It seems like radio is becoming much more of a content provider for other media than the innovative originator of programming it once was. New technology isn't stealing the content. Radio is providing it, yet is going to continue to lose out on ad revenue because of it.
Mike & Mike and Imus are among the actual radio shows televised live in part or in full on a daily basis. Other shows such as ESPN's panel talk shows (such as PTI) are nothing more than radio concepts where you can see the people instead of just hear them. WGN-TV America will soon begin showing daily highlights from the syndicated Bob & Tom Morning Show during late night programming.
I commented about mobile service coming into play, such as Sprint bringing live NFL play-by-play to certain subscribers which will come from a team's radio broadcast at http://MajorLeaguePrograms.blogspot.com a few weeks back.
To me, this is radio giving away its product. The same advertisers stations and network hope to attract by offering these programs in the first place now have choices for where they want to reach their target audience. If I want the Bob & Tom audience, now I will be able to compare buying their radio show on a local or regional basis with buying their TV show the same day. And if they go onto satellite, I would have that as an option, based on the number of subscribers. I would like to think radio would do more to protect its programming, and not let it get away.
Meanwhile, this came up in a conversation with a local radio announcer the other day, and it got me thinking. He asked me "What is or would be your favorite air check of all time?".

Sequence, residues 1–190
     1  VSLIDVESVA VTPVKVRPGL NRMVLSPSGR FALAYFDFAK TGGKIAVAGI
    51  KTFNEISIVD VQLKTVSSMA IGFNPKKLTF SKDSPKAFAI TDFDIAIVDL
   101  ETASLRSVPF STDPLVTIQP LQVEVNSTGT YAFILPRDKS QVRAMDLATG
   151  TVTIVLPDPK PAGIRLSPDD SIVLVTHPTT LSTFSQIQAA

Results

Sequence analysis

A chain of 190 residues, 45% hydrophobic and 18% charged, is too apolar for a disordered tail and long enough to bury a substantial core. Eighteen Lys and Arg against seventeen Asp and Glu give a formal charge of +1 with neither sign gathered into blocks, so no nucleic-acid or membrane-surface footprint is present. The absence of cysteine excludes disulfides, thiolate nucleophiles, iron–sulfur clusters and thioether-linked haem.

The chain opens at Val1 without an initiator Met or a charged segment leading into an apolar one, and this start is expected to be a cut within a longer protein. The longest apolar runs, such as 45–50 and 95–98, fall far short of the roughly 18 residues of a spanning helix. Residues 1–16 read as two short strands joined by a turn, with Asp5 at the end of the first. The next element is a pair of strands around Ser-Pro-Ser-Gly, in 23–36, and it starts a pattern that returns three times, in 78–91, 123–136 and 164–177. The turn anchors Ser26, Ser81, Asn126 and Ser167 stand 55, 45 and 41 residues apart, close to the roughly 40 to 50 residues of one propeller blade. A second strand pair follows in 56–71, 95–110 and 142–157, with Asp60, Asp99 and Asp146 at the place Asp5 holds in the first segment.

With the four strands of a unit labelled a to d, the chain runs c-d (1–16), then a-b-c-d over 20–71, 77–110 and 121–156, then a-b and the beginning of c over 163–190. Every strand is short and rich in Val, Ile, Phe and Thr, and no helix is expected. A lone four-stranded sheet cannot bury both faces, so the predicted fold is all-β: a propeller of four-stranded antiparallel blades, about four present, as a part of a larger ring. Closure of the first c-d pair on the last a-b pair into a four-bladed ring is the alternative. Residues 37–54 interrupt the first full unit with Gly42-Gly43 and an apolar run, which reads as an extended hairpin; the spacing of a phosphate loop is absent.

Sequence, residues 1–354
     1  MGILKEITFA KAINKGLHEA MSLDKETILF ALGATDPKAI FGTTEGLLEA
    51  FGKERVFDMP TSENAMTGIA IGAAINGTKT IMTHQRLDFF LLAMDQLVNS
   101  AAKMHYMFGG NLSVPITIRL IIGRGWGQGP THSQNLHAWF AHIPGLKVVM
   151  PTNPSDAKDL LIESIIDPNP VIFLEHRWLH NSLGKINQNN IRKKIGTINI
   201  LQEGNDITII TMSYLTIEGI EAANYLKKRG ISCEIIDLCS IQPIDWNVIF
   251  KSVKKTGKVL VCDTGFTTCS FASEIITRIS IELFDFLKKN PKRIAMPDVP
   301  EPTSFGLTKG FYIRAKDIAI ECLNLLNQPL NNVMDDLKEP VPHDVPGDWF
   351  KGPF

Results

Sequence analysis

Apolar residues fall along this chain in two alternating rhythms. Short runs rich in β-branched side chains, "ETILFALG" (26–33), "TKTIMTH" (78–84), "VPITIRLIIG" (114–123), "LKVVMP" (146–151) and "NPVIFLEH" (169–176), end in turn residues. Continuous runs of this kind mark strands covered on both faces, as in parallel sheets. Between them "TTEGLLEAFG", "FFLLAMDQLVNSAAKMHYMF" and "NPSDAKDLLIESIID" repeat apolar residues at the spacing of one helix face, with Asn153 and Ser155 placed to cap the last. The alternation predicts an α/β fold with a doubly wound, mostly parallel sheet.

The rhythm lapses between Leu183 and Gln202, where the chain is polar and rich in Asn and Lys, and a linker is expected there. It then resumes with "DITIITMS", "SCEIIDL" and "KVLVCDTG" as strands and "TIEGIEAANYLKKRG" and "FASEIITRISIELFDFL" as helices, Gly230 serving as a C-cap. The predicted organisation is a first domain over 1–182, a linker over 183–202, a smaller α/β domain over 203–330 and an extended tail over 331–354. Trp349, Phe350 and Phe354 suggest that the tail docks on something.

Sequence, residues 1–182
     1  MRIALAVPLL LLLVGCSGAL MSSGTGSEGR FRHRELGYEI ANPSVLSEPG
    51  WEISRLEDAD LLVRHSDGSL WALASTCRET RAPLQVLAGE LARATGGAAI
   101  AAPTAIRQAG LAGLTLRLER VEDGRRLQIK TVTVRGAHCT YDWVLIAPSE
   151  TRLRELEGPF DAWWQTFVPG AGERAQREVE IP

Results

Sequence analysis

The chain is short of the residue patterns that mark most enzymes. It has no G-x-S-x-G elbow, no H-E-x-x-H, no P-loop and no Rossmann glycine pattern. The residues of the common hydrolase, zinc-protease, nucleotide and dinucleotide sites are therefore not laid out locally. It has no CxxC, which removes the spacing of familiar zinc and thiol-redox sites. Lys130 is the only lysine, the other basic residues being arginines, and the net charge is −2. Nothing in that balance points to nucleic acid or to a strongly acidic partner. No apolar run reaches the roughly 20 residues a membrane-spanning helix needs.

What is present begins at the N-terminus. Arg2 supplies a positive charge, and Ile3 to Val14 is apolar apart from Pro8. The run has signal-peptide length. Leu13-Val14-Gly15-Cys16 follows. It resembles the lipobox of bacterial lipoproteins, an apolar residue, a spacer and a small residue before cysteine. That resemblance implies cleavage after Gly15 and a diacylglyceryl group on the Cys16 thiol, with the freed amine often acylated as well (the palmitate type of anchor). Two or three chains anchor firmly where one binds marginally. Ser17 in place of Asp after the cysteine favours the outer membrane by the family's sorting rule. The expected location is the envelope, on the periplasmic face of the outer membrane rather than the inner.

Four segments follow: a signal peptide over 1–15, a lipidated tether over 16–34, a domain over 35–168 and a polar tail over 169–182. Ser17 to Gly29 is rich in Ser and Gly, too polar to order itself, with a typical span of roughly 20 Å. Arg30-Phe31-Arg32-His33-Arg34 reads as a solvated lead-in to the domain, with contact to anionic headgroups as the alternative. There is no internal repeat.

There is a question I hadn't thought about in all these years. Even with the thousands and thousands of hours of listening to stations locally and in my travels around the country. Yet, even though I had never taken the time to think about it, I had an answer for him within 30 seconds. And it so happens I have the actual aircheck to go along with my answer.
Personally, my "all-time" pick is WCFL Chicago from the afternoon of March 15, 1976. The day the face of rock radio changed forever, and not necesarily for the better. That was the last day of the great Chicago radio wars between WCFL and WLS for top 40 supremacy. Bob Dearborn's final sign-off leading into the song "You're The Best Thing That Ever Happened To Me" followed by Larry Lujack doing the final 3 hours of "Super CFL". Including commercials by the other rock stations in town, such as WLS and WBBM-FM. I haven't listened to it in a few years, I'll admit. Probably because even at my age, I might once again tear up when I hear it. The end of an era when I couldn't wait to get my radio on at every opportunity.
Granted, not everyone actually has the air check of that one show or one moment in time when that personal most memorable moment was on the air. But I find this a fascinating topic.
If you could, or do, have that one aircheck from AM or FM Radio in your lifetime, what would it be? And why?
I'd like to publish the responses and see where it goes. Maybe we could come up with a "top 10 airchecks" list, but if not we'll still have some fun with this.
Legends Pack Georgia Radio Hall of Fame Awards
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